Thanks to everyone who ordered V88 at my request. That data really helps put things into perspective. and I hope soon to present a little more user-friendly analysis of what it all means. But for now . . .
I've reorganized the project's results to reflect the new findings. You can see them at the project website:
Just as a reminder, the current ISOGG tree has three identified subclades of R1b1.
R1b1a is currently defined by the new marker V88.
R1b1b is currently defined by the marker P297. This clade is not included in our project.
R1b1c is currently defined by the marker M335.
So, if you are V88+ then you are in subclade R1b1a. This will now include about 70% of our project.
There is still a small group of men who were found to be V88- and also negative for other SNPs. This group remains R1b1*.
The final group is V88- also, but they are still waiting on the last set of results from their DeepClade tests. FTDNA has found two men who are not in the project who are M335+, and those two men appear to be closely related to our three guys. For the moment, I'm working under the assumption that our final three men are also M335+ so they are R1b1c.
Those of you with 67 marker results can find your kit numbers in a cladogram that shows the relationship of the different subclades of R1b1.
In this chart I've positioned P297, M335, and V88 where the appear to occur. I suspect there is an undiscovered SNP that will unite V88 and M335. There may also be one that unites P297 with M335/V88, though this is less certain.
From: Vince Vizachero
Date: 23 April 2010 Subject: V88 Update
We've got our first batch of V88 results back, including yours, and I wanted to provide a little update to you quick adopters. You can see your own results on your personal page at FTDNA (check the bottom of the "Haplotree" tab).
We got four results for V88 itself.
One kit from cluster A3 was negative for V88, as was one kit from cluster B1.
On the other hand, one kit from cluster B2b* was positive for V88, as was one kit from B2b1.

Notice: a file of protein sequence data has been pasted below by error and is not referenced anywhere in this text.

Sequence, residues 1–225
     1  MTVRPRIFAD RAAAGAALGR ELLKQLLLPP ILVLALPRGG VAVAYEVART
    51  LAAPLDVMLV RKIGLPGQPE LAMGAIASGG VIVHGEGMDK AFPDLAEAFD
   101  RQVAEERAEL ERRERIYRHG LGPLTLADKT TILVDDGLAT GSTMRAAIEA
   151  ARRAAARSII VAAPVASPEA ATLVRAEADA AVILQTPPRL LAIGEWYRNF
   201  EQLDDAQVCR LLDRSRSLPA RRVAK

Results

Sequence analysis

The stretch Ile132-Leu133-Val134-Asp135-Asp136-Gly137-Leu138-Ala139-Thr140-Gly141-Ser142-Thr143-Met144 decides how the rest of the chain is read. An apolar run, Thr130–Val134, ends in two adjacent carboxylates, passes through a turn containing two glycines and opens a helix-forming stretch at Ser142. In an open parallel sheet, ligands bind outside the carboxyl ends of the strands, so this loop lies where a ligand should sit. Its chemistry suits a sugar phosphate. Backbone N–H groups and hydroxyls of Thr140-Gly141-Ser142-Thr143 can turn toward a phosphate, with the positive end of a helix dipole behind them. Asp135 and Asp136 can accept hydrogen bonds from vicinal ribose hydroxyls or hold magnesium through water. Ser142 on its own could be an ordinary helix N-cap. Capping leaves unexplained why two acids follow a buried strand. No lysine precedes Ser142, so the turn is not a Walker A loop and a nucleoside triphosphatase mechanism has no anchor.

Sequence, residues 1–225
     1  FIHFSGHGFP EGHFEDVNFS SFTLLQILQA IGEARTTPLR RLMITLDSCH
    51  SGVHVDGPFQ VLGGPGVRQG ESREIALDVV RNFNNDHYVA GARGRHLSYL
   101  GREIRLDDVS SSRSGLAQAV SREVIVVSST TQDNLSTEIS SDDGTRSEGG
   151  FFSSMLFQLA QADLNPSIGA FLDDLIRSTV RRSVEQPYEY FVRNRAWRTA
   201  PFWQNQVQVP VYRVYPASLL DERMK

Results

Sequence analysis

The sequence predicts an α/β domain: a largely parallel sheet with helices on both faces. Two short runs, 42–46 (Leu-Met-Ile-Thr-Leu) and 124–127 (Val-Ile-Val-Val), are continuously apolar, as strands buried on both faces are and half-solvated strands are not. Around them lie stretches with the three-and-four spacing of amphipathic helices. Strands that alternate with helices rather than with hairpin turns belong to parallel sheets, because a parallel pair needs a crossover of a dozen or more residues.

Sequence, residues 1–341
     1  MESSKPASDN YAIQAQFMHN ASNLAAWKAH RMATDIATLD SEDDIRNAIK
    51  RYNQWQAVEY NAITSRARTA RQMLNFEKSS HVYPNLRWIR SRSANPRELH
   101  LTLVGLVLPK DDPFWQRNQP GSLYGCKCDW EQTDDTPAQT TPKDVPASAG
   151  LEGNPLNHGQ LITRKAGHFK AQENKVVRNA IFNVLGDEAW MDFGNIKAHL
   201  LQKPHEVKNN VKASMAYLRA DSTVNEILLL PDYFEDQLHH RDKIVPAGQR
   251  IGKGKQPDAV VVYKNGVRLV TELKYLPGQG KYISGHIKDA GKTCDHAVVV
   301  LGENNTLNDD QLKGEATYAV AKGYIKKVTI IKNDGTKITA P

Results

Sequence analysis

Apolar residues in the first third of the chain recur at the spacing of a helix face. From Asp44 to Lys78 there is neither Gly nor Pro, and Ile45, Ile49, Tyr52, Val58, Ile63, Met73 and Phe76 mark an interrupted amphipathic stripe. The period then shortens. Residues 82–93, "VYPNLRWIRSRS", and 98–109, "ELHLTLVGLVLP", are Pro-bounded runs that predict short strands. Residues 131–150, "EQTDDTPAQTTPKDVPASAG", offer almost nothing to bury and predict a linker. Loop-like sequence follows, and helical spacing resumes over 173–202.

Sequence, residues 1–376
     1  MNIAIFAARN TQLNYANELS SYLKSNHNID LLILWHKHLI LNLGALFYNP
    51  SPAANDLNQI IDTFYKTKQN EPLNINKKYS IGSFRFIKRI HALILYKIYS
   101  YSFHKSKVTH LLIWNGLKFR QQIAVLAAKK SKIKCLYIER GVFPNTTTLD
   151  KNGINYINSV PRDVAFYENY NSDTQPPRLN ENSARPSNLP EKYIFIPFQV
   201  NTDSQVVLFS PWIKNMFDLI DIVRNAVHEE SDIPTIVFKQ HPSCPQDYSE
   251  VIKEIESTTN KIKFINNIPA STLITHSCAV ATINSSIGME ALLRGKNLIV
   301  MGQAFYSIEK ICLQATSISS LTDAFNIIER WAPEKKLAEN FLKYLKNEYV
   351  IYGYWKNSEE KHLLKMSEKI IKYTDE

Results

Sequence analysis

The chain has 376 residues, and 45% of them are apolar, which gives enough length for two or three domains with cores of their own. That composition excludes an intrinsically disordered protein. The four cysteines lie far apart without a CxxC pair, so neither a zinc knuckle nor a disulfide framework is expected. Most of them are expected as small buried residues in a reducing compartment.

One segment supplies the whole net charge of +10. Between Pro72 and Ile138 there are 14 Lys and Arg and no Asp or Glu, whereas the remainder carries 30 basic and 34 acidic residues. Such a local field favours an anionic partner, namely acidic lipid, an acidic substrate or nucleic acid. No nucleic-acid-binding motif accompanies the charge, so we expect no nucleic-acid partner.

This result is essentially what I expected: I think V88 will define a subclade of R1b1 that roughly corresponds to our B2 or B2b clusters. However we will have a few weeks wait for V88 results from the B2a guys, and ultimately we will want a couple results in each cluster just to be sure of how things relate.
But I think this preliminarily confirms our clustering and, along with some other data recently published, that V88 reflects a deep phylogeographic split in R1b1. I'm deducing that R1b1 first appeared in the northern part of southwest Asia (e.g. Iraq/Iran) while V88 first arose in an R1b1 population living just a little further south (e.g. the Levant or Arabia). It will be interesting to see if this holds up.
Using the haplotypes in the project, I estimate the TMRCA of R-V88 to be about 10,000 years ago. That is about the time that cluster B1 diverged from cluster B2, and also about the time that cluster B2a diverged from cluster B2b.
We also have results for one kit from cluster B2b1 who tested V35, V7, and V8 and was negative for all three. They are all downstream of V88, so we will eventually want to circle around and get all the V88+ men tested for them. The were all rare in the Cruciani testing, but our project has a much better cross-section of R1b1 than they did outside of Africa
V7 and V35 will be most relevant for those with Eurasian ancestry, while V8 and V69 (which FTDNA doesn't yet offer) will me most relevant for those with African or African-American ancestry.
Thanks again for testing. We'll be getting more results over the next couple weeks, and I'll send a general update to the group when there is more data.
As always, send me questions.